Bolivia wins coca-chewing victory at UN
Bolivia was re-admitted to the UN Single Convention on Narcotic Drugs Jan. 11—with a special dispensation recognizing the traditional use of coca leaf as legal within its borders, to officially take effect in one month. Official celebrations are planned for the victory in La Paz and Cochabamba next week. Fifteen countries objected to Bolivia's dispensation—far short of the 62 needed to have blocked it, a third of the 183 signatory states. The dissenting governments were the United States, UK, Russia, Japan, Mexico, Canada, Germany, France, Italy, the Netherlands, Sweden, Finland, Portugal, Israel and Ireland. An official US statement said the administration continues to believe that coca legalization "will lead to a greater supply of cocaine and increased cocaine trafficking and related crime."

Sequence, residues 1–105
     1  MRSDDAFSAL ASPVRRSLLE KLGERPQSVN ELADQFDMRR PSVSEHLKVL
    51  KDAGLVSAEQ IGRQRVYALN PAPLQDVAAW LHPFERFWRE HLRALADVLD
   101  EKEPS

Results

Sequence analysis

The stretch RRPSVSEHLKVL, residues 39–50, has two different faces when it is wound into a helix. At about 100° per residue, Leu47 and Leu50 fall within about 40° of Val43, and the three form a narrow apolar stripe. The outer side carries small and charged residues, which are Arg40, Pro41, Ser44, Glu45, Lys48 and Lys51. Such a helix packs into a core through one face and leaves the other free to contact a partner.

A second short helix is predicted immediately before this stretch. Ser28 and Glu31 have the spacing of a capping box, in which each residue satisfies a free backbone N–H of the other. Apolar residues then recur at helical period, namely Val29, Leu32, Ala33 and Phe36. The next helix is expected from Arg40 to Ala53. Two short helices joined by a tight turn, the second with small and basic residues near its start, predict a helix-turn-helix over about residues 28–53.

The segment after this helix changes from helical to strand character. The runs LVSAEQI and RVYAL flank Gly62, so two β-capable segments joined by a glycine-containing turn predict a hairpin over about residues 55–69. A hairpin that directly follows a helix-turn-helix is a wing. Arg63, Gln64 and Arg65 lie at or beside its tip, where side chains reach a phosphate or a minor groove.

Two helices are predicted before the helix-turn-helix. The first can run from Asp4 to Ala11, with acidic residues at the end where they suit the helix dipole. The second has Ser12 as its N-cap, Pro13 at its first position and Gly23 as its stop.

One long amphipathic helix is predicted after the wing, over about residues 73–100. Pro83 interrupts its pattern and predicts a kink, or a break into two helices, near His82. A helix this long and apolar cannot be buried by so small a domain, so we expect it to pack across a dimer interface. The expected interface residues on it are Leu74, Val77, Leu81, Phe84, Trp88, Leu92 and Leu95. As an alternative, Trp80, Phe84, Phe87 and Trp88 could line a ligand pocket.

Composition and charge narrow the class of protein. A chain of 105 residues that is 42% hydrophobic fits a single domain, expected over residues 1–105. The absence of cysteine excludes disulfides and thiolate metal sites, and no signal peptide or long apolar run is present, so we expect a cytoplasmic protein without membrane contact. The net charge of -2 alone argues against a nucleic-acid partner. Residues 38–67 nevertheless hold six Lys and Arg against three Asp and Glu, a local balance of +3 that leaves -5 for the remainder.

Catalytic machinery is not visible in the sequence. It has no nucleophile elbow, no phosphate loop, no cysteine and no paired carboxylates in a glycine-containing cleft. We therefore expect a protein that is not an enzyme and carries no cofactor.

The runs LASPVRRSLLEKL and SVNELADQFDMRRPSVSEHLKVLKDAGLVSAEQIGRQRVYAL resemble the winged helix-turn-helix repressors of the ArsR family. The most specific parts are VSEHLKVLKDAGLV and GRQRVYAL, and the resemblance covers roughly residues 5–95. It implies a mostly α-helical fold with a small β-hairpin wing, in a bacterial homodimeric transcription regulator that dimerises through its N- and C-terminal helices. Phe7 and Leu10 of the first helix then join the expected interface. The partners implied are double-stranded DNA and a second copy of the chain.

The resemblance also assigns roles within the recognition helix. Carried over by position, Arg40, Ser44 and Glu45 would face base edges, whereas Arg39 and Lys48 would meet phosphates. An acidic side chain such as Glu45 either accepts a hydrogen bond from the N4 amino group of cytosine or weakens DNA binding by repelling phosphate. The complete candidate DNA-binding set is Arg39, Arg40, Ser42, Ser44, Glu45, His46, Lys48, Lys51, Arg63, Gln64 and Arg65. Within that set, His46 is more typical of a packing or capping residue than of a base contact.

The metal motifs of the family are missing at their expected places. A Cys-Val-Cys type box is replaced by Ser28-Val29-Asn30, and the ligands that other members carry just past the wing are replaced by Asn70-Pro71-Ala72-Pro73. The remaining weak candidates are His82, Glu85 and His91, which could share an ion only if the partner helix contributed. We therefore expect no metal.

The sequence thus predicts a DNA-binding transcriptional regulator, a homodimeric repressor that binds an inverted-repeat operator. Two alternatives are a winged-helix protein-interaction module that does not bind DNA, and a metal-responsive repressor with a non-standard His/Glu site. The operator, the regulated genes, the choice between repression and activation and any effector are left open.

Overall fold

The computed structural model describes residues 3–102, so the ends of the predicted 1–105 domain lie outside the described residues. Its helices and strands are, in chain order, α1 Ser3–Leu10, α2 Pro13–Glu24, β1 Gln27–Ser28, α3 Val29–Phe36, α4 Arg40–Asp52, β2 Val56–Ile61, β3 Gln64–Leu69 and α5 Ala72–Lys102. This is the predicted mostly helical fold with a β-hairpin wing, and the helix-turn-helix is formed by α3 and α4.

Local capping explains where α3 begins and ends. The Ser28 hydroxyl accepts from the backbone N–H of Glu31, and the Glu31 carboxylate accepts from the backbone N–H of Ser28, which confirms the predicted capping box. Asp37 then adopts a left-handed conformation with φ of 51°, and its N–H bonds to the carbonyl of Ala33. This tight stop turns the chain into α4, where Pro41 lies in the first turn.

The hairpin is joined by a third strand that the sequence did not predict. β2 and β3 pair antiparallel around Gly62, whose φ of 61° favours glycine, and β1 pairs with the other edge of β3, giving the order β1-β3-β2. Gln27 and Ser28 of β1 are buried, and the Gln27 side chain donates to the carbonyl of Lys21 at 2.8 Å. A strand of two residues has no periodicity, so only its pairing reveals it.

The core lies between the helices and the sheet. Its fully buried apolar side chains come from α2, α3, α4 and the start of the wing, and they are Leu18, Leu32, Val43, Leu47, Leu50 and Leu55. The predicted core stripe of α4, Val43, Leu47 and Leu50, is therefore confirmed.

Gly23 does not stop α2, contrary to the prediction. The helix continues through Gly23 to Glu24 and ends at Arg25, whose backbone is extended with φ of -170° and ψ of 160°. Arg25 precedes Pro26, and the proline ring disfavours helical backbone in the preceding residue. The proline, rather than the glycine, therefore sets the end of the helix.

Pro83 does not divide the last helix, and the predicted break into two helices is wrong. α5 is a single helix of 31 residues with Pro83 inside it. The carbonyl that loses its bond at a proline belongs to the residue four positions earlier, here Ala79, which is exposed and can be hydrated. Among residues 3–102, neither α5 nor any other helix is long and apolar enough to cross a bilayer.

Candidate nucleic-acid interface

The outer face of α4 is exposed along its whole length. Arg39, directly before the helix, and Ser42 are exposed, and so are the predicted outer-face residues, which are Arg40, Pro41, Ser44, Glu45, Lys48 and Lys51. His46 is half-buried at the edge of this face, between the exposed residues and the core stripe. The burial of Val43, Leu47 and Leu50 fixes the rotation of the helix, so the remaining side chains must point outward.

The 1961 Single Convention stipulated that coca-chewing should be eliminated within 25 years of the convention coming into effect in 1964. Bolivia's President Evo Morales hailed the new policy as "a great achievement" for the country. (BBC News, ANF, ABI, Jan. 11)